On this page, you will find some tools to help you learn more about self-harm and how to manage it. Whether you are a self-harmer or you are concerned about someone who self-harms, this page is for you. Self-harm is when somebody intentionally damages or injures their own body. It’s usually a way of coping with or expressing overwhelming emotional distress. Self-harm is often the outward expression of other mental health issues. However, the intention is more often to punish themselves, express their distress or relieve unbearable tension. Sometimes the reason is a mixture of both.
Self-harm can also be a cry for help.
If you are self-harming you may also suffer from other mental health issues. Be sure to check out all of the pages on this site in order to get the most out of it as possible. If you feel suicidal, and you live in the UK, you can go straight to your nearest A&E department within your local hospital to be assessed by the on-duty psychiatrist 24 hours a day, 7 days a week.
Bring Me Back is a song that I wrote about healing and restoration. It might help you to take a listen as you scroll through this section.
Abi began self-harming from a young age. Watch her story below to see how she was able to overcome the urge to cut.
Top 10 tips to combat self-harm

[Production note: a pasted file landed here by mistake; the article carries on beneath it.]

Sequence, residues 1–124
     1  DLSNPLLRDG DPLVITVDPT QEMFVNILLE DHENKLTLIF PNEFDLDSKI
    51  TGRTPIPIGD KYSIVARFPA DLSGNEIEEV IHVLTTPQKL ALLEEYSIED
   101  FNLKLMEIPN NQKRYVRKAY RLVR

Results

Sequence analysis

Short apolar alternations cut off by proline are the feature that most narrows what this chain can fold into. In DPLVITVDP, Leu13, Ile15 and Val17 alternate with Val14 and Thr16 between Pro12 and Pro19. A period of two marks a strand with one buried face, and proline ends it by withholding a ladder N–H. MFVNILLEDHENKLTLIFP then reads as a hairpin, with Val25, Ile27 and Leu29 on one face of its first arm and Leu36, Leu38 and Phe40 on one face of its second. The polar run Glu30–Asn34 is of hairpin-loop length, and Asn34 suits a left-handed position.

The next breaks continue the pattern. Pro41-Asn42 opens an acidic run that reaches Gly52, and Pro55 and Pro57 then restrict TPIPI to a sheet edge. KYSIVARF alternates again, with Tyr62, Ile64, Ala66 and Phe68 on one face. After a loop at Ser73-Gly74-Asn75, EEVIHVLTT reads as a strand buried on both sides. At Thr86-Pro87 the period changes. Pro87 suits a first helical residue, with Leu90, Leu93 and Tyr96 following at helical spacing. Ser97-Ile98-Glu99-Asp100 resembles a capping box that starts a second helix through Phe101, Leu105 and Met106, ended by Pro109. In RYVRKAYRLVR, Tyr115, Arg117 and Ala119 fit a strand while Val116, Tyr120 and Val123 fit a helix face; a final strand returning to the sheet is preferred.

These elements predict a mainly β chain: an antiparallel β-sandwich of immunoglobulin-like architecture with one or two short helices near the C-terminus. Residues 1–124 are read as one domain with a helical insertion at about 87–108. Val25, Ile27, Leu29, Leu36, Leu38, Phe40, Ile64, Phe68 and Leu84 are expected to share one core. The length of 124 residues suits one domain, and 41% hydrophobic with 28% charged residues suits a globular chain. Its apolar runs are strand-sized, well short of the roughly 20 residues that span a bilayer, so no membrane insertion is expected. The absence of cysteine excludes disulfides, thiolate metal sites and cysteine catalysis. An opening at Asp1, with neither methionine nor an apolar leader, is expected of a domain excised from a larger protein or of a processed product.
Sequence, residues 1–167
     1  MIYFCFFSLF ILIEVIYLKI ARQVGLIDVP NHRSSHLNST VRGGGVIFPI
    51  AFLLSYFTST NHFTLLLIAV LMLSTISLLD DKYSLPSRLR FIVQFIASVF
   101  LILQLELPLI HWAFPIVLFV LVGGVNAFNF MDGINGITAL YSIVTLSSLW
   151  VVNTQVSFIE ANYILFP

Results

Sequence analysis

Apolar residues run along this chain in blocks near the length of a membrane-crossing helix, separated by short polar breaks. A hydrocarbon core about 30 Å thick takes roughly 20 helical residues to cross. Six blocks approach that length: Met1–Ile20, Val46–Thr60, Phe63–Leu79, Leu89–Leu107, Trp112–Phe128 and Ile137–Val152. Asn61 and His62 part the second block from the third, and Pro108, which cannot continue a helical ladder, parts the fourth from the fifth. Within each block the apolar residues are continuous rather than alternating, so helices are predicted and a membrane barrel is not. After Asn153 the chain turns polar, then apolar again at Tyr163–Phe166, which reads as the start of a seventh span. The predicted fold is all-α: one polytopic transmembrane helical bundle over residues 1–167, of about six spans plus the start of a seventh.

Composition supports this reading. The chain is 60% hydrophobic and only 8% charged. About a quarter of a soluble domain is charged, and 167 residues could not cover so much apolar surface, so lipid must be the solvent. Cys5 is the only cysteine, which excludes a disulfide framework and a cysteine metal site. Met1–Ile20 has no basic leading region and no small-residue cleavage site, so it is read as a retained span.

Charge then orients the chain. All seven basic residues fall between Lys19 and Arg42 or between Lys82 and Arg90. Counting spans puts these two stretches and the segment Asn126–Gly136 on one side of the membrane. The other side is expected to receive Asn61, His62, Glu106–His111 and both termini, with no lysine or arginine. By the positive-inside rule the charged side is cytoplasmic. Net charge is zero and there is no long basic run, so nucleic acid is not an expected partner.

1. Tell someone you love and trust that you are self-harming.
2. Write a list of distractions so that when you have the urge to hurt, you can choose a positive thing instead.
3. Try to express any anger you feel by getting involved in a contact sport like maybe rugby, boxing or basketball.
4. Bake something and beat the dough.
5. Wear an elastic band or bobble around your wrist and ping it against your skin to feel pain but without any consequences.
6. Write your thoughts and feelings in a journal or notebook. If you are specifically angry at someone write a letter to them, but do not send it. Once you have finished, rip it up, burn it, release the anger you feel.
7. Draw in red pen Some people find drawing in red pen on their skin helps.
8. Practicing a mindfulness technique, as featured in the video above, can help to calm you.
9. Get a colouring book. Expressing yourself like this can help relieve tension.
10. Get out of the situation, go for a walk, get some fresh air.
11. Hold ice cubes You may find it helpful to hold some frozen ice cubes in your fist until they melt. It will hurt, but the pain will not damage you and could release some of your tension
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